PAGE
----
On Monday, May 2nd, Atlanta City Council passed a city-wide affordable housing ordinance that will require any multi-family residential property for lease that receives a subsidy, grant or incentive from a development authority or public entity doing work in the City of Atlanta to set aside affordable units. Affected developments must set aside either 10% of units affordable for residents with 60% of the Area Median Income (AMI) or 15% of units affordable at 80% AMI.
The ordinance, proposed by At Large Councilman Andre Dickens, is considered a first step in implementing the City’s adopted Housing Strategy developed and promoted by the Mayor’s office and City Council. The Council for Quality Growth will remain involved with the City’s efforts to provide affordable workforce housing in the City to ensure that development community stakeholders are involved in shaping the City’s policies. The Council hosted Councilman Andre Dickens at this week’s to discuss the recently passed affordable housing ordinance, its implementation and how the Council can remain actively involved in future policy. Click HERE to read the Atlanta Advisory Committee meeting summary.
Click HERE to view the adopted affordable housing ordinance
Councilman Andre Dickens Statement on adopting the ordinance is below:
On Monday, by a vote of 14-1, my colleagues on the Atlanta City Council passed a citywide Affordable Housing Ordinance that I authored as an important first step in providing affordable housing options for the people of Atlanta. We heard from both the community and from developers and we incorporated some of their great ideas. With passage of this ordinance, any multi-family residential property for lease that receives a grant, incentive, or subsidy in the City of Atlanta will be obligated to adhere to the housing set asides. That means that either 10% of the units at 60% Area Median Income (AMI) and below or 15% of the units at 80% AMI and below meet the provisions of the ordinance. The greater collaboration on this effort provided options for even deeper affordability standards.
Mixed income communities have a proven track record of improving our community outcomes. We ensured in the ordinance that the affordable housing units would be similar in construction and appearance (e.g., square footage, type and brand of appliances, materials used for countertops, flooring, etc.) to the market rate units and would not be in isolated areas in the development, but interspersed among the market rate units.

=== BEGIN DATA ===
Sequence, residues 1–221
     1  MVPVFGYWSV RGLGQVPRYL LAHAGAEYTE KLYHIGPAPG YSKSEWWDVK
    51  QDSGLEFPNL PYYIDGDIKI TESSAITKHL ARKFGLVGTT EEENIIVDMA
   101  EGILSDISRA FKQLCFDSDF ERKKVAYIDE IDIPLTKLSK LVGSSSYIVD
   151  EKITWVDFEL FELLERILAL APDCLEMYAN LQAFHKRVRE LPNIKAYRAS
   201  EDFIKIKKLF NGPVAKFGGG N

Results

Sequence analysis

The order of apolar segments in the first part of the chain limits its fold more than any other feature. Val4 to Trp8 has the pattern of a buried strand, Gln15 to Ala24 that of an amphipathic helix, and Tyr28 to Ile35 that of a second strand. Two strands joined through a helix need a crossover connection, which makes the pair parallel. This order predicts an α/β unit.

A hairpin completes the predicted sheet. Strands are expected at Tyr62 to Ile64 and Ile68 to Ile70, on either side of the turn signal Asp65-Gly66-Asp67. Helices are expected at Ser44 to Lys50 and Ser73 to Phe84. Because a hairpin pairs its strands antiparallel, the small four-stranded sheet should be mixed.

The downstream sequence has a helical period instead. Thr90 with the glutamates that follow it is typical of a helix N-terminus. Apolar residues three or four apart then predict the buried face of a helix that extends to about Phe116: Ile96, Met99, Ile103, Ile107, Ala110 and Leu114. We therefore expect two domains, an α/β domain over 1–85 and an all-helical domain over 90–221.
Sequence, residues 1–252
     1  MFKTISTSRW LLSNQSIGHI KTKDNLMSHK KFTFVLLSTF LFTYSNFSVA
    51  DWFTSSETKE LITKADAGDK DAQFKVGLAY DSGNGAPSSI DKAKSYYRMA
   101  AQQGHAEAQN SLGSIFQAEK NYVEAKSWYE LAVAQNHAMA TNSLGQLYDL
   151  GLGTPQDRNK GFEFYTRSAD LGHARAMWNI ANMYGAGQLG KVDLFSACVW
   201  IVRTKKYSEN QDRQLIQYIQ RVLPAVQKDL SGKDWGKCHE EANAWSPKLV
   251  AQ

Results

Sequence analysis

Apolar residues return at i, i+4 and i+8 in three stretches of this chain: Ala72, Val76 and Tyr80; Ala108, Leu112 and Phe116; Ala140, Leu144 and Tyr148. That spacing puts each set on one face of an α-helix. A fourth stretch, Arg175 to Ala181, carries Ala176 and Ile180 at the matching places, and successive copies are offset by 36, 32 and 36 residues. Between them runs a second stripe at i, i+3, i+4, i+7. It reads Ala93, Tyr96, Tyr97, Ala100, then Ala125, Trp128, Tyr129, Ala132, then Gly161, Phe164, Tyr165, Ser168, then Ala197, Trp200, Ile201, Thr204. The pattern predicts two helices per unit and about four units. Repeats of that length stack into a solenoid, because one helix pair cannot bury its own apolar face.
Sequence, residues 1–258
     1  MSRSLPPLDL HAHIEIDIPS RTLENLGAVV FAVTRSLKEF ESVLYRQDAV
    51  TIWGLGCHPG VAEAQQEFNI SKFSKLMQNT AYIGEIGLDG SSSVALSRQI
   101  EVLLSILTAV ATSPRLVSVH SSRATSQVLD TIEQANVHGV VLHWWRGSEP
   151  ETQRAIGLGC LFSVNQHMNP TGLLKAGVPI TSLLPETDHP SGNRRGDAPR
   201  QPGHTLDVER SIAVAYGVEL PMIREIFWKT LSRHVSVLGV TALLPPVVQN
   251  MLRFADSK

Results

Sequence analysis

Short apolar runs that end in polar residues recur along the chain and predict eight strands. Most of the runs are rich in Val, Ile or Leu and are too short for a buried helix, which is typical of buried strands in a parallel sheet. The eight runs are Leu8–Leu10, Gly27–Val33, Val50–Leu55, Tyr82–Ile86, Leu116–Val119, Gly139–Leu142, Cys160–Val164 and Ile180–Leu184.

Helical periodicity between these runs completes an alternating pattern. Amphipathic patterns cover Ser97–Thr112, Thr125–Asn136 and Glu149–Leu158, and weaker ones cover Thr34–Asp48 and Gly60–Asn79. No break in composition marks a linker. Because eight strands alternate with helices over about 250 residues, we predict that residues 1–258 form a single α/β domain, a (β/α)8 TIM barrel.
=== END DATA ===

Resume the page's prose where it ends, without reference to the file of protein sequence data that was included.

I am committed to ensuring development without displacement and providing practical diverse housing options for our diverse community. I share the real concern of the Mayor and the Council about inequity and unbalanced growth in Atlanta. This collaborative effort included the Mayor and his office, Councilmembers, the Departments of Community Development & Planning and Law, Invest Atlanta, members of the nonprofit sector and for profit housing professionals and housing advocates. The insightful conversations that I had with the Development Authority of Fulton County and the Development Authority of DeKalb County also helped to shape this paper. Additional thanks to GA Stand-Up, Georgia Act, ANDP, Council for Quality Growth, Apartment Association, Progressive Redevelopment, APN, HDDC, AFSC, SILC of GA, Dragon Group, Selig Enterprises, Novare Group, ULI, the CIDs, and so many others that provided input at meetings.
This ordinance is a tangible step forward to help Atlantans today and into the future but this is just one step to creating real affordable housing in Atlanta. I look forward to continuing to collaborate with this Council and Mayor to provide realistic housing opportunities that help to improve the lives of all Atlantans.— Andre Dickens, Atlanta City Council, Post 3 At-Large